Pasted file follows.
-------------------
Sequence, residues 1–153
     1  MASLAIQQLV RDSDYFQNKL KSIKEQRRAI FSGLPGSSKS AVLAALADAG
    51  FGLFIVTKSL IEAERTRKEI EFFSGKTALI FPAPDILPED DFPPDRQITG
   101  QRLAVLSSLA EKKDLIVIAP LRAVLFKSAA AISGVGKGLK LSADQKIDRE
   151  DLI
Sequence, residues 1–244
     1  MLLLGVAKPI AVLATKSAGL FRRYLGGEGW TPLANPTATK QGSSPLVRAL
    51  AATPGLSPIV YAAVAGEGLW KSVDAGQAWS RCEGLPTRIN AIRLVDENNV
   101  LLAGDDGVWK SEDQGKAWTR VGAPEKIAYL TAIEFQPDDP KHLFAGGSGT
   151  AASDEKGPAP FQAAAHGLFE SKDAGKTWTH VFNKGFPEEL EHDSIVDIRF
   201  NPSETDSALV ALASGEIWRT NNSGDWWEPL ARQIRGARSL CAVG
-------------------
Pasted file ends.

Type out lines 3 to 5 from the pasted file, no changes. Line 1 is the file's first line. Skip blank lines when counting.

    51  FGLFIVTKSL IEAERTRKEI EFFSGKTALI FPAPDILPED DFPPDRQITG
   101  QRLAVLSSLA EKKDLIVIAP LRAVLFKSAA AISGVGKGLK LSADQKIDRE
   151  DLI